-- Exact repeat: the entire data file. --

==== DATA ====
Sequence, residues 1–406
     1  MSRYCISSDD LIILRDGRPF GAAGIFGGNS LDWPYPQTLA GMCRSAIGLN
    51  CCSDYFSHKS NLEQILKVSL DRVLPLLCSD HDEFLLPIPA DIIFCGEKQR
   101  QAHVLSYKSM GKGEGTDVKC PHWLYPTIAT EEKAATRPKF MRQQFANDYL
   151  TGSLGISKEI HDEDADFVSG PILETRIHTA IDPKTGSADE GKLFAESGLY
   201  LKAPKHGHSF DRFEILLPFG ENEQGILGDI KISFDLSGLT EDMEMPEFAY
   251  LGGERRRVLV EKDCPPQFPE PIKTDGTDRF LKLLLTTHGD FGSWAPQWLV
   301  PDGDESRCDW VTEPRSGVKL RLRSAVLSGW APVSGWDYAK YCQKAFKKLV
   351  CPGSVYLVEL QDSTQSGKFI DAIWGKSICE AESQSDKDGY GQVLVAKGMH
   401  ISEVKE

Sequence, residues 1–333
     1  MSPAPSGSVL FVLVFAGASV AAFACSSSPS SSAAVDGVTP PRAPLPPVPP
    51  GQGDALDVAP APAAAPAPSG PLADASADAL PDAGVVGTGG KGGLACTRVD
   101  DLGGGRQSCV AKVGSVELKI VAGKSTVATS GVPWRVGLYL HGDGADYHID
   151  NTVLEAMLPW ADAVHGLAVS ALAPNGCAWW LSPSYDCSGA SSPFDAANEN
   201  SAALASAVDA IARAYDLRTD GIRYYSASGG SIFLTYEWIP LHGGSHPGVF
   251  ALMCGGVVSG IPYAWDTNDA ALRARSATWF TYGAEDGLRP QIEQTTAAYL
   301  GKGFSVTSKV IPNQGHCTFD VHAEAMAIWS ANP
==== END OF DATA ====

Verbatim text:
Sequence, residues 1–406
     1  MSRYCISSDD LIILRDGRPF GAAGIFGGNS LDWPYPQTLA GMCRSAIGLN
    51  CCSDYFSHKS NLEQILKVSL DRVLPLLCSD HDEFLLPIPA DIIFCGEKQR
   101  QAHVLSYKSM GKGEGTDVKC PHWLYPTIAT EEKAATRPKF MRQQFANDYL
   151  TGSLGISKEI HDEDADFVSG PILETRIHTA IDPKTGSADE GKLFAESGLY
   201  LKAPKHGHSF DRFEILLPFG ENEQGILGDI KISFDLSGLT EDMEMPEFAY
   251  LGGERRRVLV EKDCPPQFPE PIKTDGTDRF LKLLLTTHGD FGSWAPQWLV
   301  PDGDESRCDW VTEPRSGVKL RLRSAVLSGW APVSGWDYAK YCQKAFKKLV
   351  CPGSVYLVEL QDSTQSGKFI DAIWGKSICE AESQSDKDGY GQVLVAKGMH
   401  ISEVKE

Sequence, residues 1–333
     1  MSPAPSGSVL FVLVFAGASV AAFACSSSPS SSAAVDGVTP PRAPLPPVPP
    51  GQGDALDVAP APAAAPAPSG PLADASADAL PDAGVVGTGG KGGLACTRVD
   101  DLGGGRQSCV AKVGSVELKI VAGKSTVATS GVPWRVGLYL HGDGADYHID
   151  NTVLEAMLPW ADAVHGLAVS ALAPNGCAWW LSPSYDCSGA SSPFDAANEN
   201  SAALASAVDA IARAYDLRTD GIRYYSASGG SIFLTYEWIP LHGGSHPGVF
   251  ALMCGGVVSG IPYAWDTNDA ALRARSATWF TYGAEDGLRP QIEQTTAAYL
   301  GKGFSVTSKV IPNQGHCTFD VHAEAMAIWS ANP